Bright Days Ahead: Melanoma Patient Becomes Advocate for Sun Safety

Even though Premier Surgical oncologist Paul Dudrick, MD, isn’t known for being a skilled artist, Robin MacLean carries one of his drawings in her purse.

Robin kept the drawing her Premier Surgical surgeon sketched to explain her melanoma surgery.

It’s the paper that was spread across the examination table when Dr. Dudrick drew a picture to help her understand the cancer surgery she would undergo at Fort Sanders Regional Medical Center as the result of a melanoma.

An Island Paradise

MacLean guesses that she did the most damage to her skin during the early part of her career with the United States Navy while stationed in Hawaii.

Like many, MacLean used tanning oils that offered little or no sun protection. Other than the occasional smudge of sunblock on her nose, her skin was fair game for plenty of sun exposure.

In the years that followed, MacLean spent hours outdoors with her husband and children. But in 2017, she noticed some blood on her sports bra from a mole on her back. She tried several different bras, and then put a bandage over the mole.

“It was about the size of a pencil eraser, and it was raised a little,” MacLean says. “I just thought I had scraped it, and it hadn’t had enough time to heal.”

Nothing seemed to help. A little frustrated that she couldn’t see what was going on between her shoulder blades, MacLean asked her husband to come and take a look. He told her the mole looked like it might be infected.

MacLean scheduled an appointment with her dermatologist and it turned out to be a potentially life-saving decision. The physician removed not one, but six moles, and sent them to a lab to be tested.

Diagnosis

Several days later, MacLean was driving through a snowstorm out of state when she got a call from the dermatologist saying the mole on her back was a cancerous melanoma.

MacLean told herself that the dermatologist had already removed the mole, so there was no more threat. She told herself that the follow-up appointment with the surgical oncologist was simply a precautionary measure in case just a little more needed to be removed.

But her appointment with Dr. Dudrick of Premier Surgical at Fort Sanders didn’t go the way she expected. He took a pen and sketched the cancer cells where the mole on her back had been, then drew a six-inch incision he planned to make. A second sketch on the paper showed the three layers of skin he was going to have to cut through.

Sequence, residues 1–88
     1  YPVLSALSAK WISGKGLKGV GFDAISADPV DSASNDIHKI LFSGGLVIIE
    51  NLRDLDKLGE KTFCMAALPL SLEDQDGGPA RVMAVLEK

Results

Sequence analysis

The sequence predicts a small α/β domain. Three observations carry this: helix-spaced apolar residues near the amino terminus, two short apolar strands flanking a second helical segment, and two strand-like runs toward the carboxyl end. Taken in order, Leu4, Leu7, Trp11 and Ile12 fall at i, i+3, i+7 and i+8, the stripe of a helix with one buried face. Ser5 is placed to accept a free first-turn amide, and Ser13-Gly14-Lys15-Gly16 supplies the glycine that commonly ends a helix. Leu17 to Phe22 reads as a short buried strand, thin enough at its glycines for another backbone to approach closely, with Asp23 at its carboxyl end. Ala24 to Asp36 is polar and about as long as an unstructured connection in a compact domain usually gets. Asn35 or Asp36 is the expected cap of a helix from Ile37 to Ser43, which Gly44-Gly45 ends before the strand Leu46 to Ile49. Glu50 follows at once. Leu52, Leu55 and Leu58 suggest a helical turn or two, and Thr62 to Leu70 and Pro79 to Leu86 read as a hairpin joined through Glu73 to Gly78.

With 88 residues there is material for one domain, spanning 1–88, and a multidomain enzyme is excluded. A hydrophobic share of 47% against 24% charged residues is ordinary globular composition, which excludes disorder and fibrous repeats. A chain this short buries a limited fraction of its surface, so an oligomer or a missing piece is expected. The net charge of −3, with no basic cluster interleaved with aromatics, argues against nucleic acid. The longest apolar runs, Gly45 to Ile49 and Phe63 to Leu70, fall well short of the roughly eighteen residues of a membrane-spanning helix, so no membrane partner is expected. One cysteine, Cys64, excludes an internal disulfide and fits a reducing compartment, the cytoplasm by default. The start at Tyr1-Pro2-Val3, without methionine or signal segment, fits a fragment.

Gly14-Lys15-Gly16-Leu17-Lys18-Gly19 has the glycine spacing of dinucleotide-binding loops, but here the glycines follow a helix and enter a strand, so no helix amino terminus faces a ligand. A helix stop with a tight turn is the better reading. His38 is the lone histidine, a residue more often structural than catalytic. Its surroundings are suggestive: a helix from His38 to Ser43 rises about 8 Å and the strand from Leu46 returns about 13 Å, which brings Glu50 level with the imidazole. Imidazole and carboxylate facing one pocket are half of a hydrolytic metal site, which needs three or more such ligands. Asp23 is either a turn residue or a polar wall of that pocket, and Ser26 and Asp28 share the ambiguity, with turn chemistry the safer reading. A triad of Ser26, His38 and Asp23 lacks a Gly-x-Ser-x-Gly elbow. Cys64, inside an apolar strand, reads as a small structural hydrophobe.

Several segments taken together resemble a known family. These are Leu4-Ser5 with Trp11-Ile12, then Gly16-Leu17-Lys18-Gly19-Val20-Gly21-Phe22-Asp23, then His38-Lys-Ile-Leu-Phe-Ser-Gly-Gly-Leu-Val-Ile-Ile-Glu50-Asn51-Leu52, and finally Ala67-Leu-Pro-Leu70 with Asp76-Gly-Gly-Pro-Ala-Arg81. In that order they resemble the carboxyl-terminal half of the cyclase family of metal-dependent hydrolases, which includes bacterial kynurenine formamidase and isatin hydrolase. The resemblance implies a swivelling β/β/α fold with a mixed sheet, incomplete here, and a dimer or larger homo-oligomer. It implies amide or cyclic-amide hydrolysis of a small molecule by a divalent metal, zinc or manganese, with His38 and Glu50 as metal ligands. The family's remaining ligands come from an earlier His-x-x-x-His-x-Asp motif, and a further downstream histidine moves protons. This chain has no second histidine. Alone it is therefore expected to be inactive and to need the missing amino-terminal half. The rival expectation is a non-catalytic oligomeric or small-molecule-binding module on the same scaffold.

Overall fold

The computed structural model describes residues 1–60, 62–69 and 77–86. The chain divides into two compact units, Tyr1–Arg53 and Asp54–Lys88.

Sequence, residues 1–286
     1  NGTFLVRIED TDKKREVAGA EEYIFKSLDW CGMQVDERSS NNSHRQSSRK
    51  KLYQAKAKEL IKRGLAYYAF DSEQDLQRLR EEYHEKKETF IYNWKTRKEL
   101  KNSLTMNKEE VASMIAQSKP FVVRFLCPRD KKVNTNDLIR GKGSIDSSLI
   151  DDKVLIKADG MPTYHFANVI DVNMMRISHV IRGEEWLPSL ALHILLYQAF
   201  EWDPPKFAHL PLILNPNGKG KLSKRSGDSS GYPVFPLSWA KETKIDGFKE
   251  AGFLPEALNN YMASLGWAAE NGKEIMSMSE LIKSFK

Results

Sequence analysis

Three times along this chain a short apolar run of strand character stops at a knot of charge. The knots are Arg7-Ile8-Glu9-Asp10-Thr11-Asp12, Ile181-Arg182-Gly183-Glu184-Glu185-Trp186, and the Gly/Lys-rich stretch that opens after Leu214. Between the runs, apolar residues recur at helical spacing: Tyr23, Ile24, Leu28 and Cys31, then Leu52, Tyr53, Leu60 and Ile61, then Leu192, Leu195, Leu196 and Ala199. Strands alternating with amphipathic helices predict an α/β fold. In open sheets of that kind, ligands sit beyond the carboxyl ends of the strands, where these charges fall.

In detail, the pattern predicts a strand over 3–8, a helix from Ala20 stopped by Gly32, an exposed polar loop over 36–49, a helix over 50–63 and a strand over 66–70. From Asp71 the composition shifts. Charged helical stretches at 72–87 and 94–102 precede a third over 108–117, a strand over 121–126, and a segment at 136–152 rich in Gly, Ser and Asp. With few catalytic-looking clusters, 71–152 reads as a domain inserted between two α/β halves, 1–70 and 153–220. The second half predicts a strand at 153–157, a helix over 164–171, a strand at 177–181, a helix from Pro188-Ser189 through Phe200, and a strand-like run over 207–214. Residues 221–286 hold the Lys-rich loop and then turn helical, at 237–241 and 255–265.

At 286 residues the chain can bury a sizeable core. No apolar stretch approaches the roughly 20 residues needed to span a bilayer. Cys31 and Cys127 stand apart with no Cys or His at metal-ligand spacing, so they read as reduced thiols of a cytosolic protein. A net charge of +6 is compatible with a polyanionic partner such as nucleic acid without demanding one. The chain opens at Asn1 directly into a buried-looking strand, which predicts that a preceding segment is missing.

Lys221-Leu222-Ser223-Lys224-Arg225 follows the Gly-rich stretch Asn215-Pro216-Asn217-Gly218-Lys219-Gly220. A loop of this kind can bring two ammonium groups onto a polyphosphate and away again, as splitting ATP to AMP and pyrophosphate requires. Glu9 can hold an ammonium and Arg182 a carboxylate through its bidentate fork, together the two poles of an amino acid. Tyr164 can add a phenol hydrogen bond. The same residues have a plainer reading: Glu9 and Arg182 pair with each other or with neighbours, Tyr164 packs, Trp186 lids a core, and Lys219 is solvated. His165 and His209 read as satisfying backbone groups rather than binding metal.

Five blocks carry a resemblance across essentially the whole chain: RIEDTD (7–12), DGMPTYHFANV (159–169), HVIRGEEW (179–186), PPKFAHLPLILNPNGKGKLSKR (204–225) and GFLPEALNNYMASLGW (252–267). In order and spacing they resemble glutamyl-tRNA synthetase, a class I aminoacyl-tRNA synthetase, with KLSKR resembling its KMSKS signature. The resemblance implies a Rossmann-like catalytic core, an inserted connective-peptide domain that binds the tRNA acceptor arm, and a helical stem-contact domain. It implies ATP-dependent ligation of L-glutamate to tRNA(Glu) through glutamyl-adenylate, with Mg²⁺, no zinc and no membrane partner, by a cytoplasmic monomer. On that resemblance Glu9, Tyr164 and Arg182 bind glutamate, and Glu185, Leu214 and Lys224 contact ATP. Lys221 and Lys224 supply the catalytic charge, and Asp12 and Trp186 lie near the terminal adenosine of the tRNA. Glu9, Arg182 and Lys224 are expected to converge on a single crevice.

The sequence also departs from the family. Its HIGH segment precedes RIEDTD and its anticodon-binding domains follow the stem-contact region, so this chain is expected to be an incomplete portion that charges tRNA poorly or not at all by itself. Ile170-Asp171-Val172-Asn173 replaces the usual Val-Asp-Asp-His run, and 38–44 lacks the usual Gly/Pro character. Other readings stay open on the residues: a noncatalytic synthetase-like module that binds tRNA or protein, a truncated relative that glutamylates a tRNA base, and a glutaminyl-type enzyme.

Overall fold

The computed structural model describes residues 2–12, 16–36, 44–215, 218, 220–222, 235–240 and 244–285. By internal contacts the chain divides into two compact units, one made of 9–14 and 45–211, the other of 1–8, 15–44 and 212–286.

She would also need to undergo nuclear mapping at Thompson Cancer Survival Center to make sure the cancer hadn’t spread to her lymph nodes. MacLean called her husband in tears and then started praying.

“I got chills just walking into Thompson, because you know everyone there is battling cancer,” MacLean says as she wipes away tears. “It still gets me when I think about it.”

Robin looks at the sunshine differently since her melanoma diagnosis and surgery.

Supported by friends and family, and strengthened by her faith, MacLean went forward with the surgery. It was successful, and Dr. Dudrick delivered the good news that the cancer had not spread, so no further treatment was necessary.

Learning from the Past

MacLean was thrilled, and she was also grateful for answered prayers. Now she looks back, realizing it could have been so much worse, but at the same time knowing the cancer could have been avoided.

“I had a blast in the sun at beaches and on spring breaks with my kids,” MacLean says, “but was it worth risking my life?”

The culture has changed, and so has she. MacLean can’t turn back time, and the scar on her back is a permanent part of her now. But because of her experience, life is more precious and she’s now able to alert others to the dangers of overexposure to the sun.

“You need to pay attention to your body, because something like this can happen quickly, and it can be life threatening,” MacLean says. “And if you see something, don’t ignore it.”

To learn more about the surgical treatment of cancer, visit the Premier Surgical Oncology page.  For more info about cancer services at Thompson Cancer Survival Center, visit thompsoncancer.com, or call (865) 331-1111.

 

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